She’s a Texas native and LOVES everything Texas, so I decided to make her a Texas monogram!

ImageIf you’d like to make your own Texas (or any state) monogram, follow my instructions for a perfect and personal gift!

Before we begin, we must gather our supplies!

ImageSupplies include:

  • Wooden Texas cutout (I got mine here)
  • Acrylic paint (I used three colors)
  • Monogram printout (you can get one here)
  • Pencil
  • Super fine point Sharpie (as fine as possible)
  • Thin tissue paper
  • Tape (Painter’s or Scotch)
  • Paint brushes
  • Fabric
  • Mod Podge
  • Wooden circle cutout
  • Greek wooden letters (optional)
  • Hot glue gun
  • Ribbon
  • Clear nail polish (top coat)
  • Thin quilt binding or ribbon (Make sure this is the width of your Texas cutout.  We will be using it to cover the raw edges.)

Now that we’ve gathered our supplies, let’s begin crafting!!

ImageFirst, we are going to paint our Texas white.  This step is completely optional.

The fabric I chose to use was a little see through. I painted the Texas white so that the brown wood color wouldn’t show through my fabric.

While the white paint is drying, paint your wooden circle and your Greek letters.

Be sure to give each item a couple coats of paint!

Next, we will prepare our monogram!

ImagePrint your monogram from here or create your own!

You want the monogram printout to fit on your wooden circle as evenly as possible (does that make sense?)  You might have to print the monogram out a couple of times before you get the sizing right.

Once you’ve printed your monogram, place a sheet of tissue paper on top and trace in pencil.

After tracing, center the tissue paper on your wooden circle.  Make sure it is even on all sides (or as even as you can get it!)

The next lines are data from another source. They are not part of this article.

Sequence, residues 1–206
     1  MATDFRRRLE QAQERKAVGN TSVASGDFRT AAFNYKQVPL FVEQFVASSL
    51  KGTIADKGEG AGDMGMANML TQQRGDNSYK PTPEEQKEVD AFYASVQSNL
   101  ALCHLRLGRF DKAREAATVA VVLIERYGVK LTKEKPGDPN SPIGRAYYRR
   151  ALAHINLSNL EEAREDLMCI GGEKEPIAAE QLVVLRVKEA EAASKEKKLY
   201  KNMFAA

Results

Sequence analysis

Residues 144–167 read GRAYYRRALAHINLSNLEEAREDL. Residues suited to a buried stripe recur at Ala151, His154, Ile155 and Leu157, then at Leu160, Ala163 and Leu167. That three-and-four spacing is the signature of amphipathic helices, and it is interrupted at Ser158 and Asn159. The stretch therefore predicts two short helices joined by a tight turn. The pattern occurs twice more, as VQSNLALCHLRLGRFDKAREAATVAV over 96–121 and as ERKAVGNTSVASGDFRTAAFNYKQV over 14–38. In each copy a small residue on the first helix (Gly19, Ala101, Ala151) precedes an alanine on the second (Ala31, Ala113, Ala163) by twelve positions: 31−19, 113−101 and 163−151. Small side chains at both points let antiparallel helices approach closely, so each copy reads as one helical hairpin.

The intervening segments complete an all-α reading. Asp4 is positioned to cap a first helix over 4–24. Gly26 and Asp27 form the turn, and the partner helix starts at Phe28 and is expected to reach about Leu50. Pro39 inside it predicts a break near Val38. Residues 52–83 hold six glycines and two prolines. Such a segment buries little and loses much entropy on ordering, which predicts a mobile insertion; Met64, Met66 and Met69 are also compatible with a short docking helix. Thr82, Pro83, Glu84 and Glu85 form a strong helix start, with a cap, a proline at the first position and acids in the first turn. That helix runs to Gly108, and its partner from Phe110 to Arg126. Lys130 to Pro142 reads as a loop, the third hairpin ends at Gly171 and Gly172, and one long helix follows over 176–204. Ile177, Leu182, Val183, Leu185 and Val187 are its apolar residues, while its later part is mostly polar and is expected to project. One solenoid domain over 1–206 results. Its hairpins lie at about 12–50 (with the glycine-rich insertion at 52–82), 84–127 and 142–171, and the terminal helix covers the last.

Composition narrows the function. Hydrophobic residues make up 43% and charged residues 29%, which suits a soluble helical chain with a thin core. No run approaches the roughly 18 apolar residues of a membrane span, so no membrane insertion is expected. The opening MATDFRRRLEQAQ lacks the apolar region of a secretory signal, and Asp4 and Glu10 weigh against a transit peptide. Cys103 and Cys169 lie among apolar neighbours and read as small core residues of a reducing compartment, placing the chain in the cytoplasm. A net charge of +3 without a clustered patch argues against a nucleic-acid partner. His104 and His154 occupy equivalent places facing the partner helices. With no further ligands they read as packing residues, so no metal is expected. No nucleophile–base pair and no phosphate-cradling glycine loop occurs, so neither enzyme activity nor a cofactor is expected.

Once centered, tape into place.  Because the circle was so small, I had to tape it on the back.

ImageTake your Super Fine Sharpie and trace over your pencil lines.  Try to use a Sharpie color that is close to the color of your paint! It’s a lot easier to cover the Sharpie line if the colors are similar!

ImageAfter tracing, lift up one side of the paper to see if the ink has transferred.

Image

You want the lines to be as light as possible, but you still want to be able to see them.

ImageNow we are going to take a darker (or lighter) color and paint inside the lines.

I like to keep a few Q-tips on hand in case I have a spaz attack and paint outside the lines!  Simply lick (or use water if you don’t want to use your spit!) the Q-tip and wipe up the paint!  If you do this quick enough, you can get up all the paint without leaving any stray marks.

ImageAfter this dries, give it a second coat and straighten up your lines.

Next, we’re going to modge podge (Yes, I know it’s called Mod Podge, but I don’t say it that way!) the fabric onto our Texas.

I ironed my fabric before modge podging, because my fabric was FULL of creases!

Cover the Texas cutout completely with modge podge before placing the fabric on top.  Once you’ve placed the fabric, pull it taught so there aren’t any bubbles.

Once it’s pulled taught, place under a book or another heavy (flat) object while it dries.